Journal article Open Access

Bias against men's issues within the United Nations and the World Health Organization: A content analysis

James Nuzzo

Males fare worse than females on many health outcomes, but more attention, particularly at a national level, is given to women’s issues. This apparent paradox might be explained by gamma bias or a similar gender bias construct. Such potential biases require exploration. The purpose of the current paper is to present six streams of evidence that illustrate a bias against men’s issues within the United Nations (UN) and World Health Organization (WHO). First, the UN’s sustainable development goal on ‘gender equality’ is exclusive to females. Second, the UN observes nine International Days for women’s issues/achievements and one day for men’s issues/achievements. Third, the UN operates 69 Twitter accounts dedicated to women’s issues, culminating in 328,251 tweets since 2008. The UN does not operate a Twitter account for men’s issues. Fourth, female words (e.g., ‘women’) appear more frequently than male words (e.g., ‘men’) in documents archived in the UN and WHO databases, indicating more attention to women’s issues. Fifth, in WHO reports where similar use of male and female words might be expected (e.g., gender and health reports), female words appear more frequently. Sixth, more female than male words appear in the Bulletin of the World Health Organization, with articles on women’s health more frequently non-original research (e.g., editorials). Overall, because the UN and WHO are the causal agents directly responsible for the outcomes assessed, the findings reveal a bias against men’s issues within these organisations. The findings support the construct of gamma bias. Ways to reduce this bias are discussed.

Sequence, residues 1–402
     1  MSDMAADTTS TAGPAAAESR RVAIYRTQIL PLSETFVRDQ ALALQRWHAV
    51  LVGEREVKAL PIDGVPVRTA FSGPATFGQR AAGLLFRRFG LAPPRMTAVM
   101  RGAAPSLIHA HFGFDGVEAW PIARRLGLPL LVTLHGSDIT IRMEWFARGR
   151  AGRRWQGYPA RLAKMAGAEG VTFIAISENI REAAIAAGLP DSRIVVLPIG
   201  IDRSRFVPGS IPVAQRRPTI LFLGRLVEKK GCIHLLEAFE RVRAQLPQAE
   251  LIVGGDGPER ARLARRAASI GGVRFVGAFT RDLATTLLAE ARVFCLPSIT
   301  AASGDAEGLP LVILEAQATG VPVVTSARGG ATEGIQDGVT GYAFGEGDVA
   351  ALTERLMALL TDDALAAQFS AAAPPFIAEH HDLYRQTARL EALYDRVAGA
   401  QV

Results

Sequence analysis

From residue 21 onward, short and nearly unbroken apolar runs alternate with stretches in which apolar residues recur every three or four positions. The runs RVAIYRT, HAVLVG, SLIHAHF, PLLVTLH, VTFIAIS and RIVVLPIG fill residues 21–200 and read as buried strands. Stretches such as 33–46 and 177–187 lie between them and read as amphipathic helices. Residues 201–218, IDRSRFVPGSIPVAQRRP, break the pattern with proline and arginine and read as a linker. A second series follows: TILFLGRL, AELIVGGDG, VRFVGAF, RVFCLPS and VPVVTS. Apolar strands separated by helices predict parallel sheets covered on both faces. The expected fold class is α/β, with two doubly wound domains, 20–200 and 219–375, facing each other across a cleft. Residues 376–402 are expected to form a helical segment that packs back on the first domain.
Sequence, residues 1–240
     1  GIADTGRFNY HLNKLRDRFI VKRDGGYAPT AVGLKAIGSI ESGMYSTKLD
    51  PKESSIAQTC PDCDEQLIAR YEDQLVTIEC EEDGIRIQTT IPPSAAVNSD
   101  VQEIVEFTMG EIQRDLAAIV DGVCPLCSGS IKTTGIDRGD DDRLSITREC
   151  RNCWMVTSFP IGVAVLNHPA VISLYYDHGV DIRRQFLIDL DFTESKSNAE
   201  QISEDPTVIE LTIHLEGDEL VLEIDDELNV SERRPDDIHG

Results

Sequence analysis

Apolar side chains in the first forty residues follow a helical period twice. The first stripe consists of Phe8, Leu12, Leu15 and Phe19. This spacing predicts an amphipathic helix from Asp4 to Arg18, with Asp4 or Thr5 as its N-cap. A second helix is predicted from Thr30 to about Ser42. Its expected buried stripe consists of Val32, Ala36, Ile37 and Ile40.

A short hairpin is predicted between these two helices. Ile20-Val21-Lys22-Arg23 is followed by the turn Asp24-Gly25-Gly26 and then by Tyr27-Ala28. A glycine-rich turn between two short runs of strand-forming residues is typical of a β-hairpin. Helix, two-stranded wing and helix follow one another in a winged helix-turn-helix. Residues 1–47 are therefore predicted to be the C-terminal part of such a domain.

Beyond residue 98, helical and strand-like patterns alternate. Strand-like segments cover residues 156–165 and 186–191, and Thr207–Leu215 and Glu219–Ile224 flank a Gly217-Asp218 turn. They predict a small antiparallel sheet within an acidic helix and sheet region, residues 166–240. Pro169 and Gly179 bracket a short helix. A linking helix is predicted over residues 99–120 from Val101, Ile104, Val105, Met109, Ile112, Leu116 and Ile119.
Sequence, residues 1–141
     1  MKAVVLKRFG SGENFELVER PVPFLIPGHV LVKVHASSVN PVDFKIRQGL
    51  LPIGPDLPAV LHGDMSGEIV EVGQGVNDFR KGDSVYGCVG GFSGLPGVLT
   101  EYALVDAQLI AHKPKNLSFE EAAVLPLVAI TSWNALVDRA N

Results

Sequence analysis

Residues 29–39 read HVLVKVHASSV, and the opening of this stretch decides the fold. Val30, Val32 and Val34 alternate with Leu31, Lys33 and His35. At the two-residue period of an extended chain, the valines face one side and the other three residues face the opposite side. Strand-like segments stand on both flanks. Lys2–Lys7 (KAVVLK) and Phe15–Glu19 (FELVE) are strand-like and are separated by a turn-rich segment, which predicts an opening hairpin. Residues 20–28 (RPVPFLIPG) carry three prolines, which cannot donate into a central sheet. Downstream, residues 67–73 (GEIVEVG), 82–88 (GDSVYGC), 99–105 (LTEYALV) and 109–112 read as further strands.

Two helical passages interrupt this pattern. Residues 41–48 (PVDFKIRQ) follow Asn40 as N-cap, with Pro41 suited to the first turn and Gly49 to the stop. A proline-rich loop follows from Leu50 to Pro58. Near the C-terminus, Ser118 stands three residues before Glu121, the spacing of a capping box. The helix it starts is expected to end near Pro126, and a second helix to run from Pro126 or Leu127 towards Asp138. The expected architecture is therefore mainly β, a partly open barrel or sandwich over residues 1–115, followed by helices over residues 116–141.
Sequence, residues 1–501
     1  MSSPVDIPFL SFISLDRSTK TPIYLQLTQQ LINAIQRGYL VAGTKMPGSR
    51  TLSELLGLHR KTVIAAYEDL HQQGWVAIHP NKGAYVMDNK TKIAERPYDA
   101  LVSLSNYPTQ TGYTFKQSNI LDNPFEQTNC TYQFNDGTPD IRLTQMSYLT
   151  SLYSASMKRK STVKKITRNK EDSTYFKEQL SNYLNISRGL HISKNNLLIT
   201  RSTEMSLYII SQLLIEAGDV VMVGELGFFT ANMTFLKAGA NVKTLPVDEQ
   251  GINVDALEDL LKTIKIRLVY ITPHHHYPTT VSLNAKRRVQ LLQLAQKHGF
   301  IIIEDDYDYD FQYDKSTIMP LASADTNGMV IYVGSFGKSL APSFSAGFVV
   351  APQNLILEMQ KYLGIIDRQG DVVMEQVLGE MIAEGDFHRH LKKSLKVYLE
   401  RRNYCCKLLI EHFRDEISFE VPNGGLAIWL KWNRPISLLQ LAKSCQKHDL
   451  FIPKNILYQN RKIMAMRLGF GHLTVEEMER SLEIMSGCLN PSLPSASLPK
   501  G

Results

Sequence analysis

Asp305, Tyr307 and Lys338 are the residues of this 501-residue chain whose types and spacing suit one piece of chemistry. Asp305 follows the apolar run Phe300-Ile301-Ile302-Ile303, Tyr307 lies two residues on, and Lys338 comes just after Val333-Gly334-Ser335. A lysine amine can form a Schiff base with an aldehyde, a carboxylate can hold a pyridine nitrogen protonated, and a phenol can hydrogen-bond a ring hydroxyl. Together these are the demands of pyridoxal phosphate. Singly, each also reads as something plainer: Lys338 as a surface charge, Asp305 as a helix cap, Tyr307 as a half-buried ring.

Files (647.7 kB)
Name Size
nuzzo-120-150-1002.pdf
md5:f479d78b7d6f9197ef7edeaf28abf321
647.7 kB Download
1,992
602
views
downloads
All versions This version
Views 1,9921,263
Downloads 602301
Data volume 389.9 MB194.9 MB
Unique views 1,5961,022
Unique downloads 559284

Share

Cite as